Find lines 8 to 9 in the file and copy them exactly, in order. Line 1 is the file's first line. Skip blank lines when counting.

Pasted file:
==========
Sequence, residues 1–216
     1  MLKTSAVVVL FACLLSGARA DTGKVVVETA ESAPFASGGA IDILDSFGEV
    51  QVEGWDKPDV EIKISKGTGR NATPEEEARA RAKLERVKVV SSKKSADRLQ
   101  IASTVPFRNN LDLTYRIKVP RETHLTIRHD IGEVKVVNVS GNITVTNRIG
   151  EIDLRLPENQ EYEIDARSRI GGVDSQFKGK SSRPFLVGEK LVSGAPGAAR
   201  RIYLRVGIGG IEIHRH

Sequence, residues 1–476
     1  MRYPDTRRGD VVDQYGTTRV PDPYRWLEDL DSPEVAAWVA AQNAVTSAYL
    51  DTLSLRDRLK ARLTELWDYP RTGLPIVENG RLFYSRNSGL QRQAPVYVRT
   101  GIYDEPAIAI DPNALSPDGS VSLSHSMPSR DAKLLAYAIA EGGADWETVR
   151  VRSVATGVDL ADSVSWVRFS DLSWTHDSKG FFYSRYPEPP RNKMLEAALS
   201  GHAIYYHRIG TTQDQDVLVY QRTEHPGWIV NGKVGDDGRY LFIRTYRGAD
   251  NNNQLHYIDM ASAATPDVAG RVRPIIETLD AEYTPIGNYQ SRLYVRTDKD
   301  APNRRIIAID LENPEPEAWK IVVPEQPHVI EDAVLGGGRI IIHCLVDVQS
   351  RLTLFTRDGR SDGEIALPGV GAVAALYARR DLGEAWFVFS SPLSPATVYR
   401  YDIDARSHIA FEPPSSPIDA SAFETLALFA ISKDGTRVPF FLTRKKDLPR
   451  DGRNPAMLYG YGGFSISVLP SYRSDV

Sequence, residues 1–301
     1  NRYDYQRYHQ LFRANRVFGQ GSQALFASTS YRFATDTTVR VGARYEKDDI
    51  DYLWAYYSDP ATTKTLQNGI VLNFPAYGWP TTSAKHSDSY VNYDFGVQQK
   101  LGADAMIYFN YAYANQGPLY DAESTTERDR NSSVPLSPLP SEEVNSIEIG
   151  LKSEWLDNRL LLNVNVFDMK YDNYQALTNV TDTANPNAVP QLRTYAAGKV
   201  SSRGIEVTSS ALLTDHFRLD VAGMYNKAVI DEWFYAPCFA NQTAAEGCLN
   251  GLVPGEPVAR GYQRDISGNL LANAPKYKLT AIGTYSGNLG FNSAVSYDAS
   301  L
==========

     1  MRYPDTRRGD VVDQYGTTRV PDPYRWLEDL DSPEVAAWVA AQNAVTSAYL
    51  DTLSLRDRLK ARLTELWDYP RTGLPIVENG RLFYSRNSGL QRQAPVYVRT